Image Image Image Image Image Image Image Image Image Image
1274 Views Facebook Comments

Must-Have Chinese New Year Snack : Love Letters (Kuih Kapit) Made the Traditional Way

Must-Have Chinese New Year Snack : Love Letters (Kuih Kapit) Made the Traditional Way
Ai Pheng
  • On January 28, 2014
  • http://www.thetrishaw.com/

With Chinese New Year just days away, I would like to share with you the recipe of my favourite Lunar New Year snack of all time -  kuih kapit, as it is fondly called among Malaysians.  It’s similar to the cylindrical ‘love letters’ but thinner and folded into quarters. Believe me, once you have taken the first bite, it takes a strong will to stop yourself from finishing a whole container.

I was lucky to  watch my aunt make a big batch of these addictive festive treat. The downside is that I had to wake up really early as she had to start making them before the weather became warmer in the morning or, shall I say, hotter in the afternoon as is the case in Malaysia?.

I shall briefly explain how the delicacy is made to give you an overall understanding of what she has to endure throughout the process. Kuih kapit has to be cooked with the help of  an open charcoal stove. You  have to remain standing to flip the mould for about six hours or more, depending on how much  batter is at hand.

kuih kapit

Start burning the charcoal before mixing the batter

Make sure the moulds are clean

Make sure the moulds are clean

Sieve the batter  (coconut milk, rice flour, sugar and eggs)

Sieve the batter (mixture of coconut milk, rice flour, sugar and eggs)

Then pour the mixture onto one side of the mould, clamp and put it back on the stove.

Flip the moulds frequently, open and check. When it turns brown, peel it off the mould with your fingers. It hurts your fingers slightly if you aren’t used it, Lucky my aunt has fingers made of steel! ;)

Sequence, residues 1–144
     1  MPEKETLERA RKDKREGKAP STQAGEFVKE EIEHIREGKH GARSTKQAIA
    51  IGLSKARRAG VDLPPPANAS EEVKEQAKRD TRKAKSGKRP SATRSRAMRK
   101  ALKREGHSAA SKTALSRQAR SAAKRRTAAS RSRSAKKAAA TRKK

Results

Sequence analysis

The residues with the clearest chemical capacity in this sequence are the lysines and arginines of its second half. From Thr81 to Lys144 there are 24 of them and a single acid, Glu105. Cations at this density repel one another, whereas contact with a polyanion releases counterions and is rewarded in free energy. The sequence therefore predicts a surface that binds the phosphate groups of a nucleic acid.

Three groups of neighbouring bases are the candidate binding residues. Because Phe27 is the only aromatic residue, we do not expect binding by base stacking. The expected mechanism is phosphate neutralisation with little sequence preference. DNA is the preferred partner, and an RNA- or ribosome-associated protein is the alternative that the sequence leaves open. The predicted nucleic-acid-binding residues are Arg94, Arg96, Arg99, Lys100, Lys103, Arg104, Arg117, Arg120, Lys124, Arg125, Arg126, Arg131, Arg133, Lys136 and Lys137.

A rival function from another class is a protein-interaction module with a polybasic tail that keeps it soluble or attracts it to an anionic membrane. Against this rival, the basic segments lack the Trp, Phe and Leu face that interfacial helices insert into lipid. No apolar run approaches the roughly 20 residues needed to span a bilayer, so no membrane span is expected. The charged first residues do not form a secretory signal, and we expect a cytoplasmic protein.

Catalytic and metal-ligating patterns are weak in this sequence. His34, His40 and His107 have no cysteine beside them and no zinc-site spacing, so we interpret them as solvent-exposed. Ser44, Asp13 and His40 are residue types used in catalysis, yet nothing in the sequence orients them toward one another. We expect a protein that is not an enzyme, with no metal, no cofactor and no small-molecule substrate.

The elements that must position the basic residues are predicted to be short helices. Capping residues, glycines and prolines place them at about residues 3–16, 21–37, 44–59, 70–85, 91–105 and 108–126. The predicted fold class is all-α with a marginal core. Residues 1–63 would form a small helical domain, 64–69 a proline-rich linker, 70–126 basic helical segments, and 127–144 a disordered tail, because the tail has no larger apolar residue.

This is a two man process as the second person has to quickly fold the sheets into a quarter before it cools and hardens. Tips: This is when nails come in handy so you don't burn your fingers.

It’s good to have an extra hand as the second person has to quickly fold the kuih kapit before it cools and hardens. Tip: This is when your nails come in handy to avoid burning your fingers.

KUIH KAPIT! The end product of this tedious process.

Kuih kapit is ready after a tedious process

A good kuih kapit is very thin and loosely folded (not origami-style folding). It should have a slight curve on the folds so that the folded layers crunch in your mouth.

It really isn’t amusing standing in front of hot burning charcoal for half a day in such a hot weather. But looking on the bright side, the end result is just worth the effort!!

Featured pix credit : Lih Jing Lim @flickr

PS. Travelling during Chinese New Year?  Protect your family with travel insurance and celebrate the Lunar New Year with peace of mind.

citylife-balikkampung-web

.

 

Comments

Facebook Comments

About Us | Privacy Policy | Comment Policy | Terms & Conditions | Disclaimer
© Copyright 1999 - 2014 Virtual Malaysia.Com Sdn. Bhd.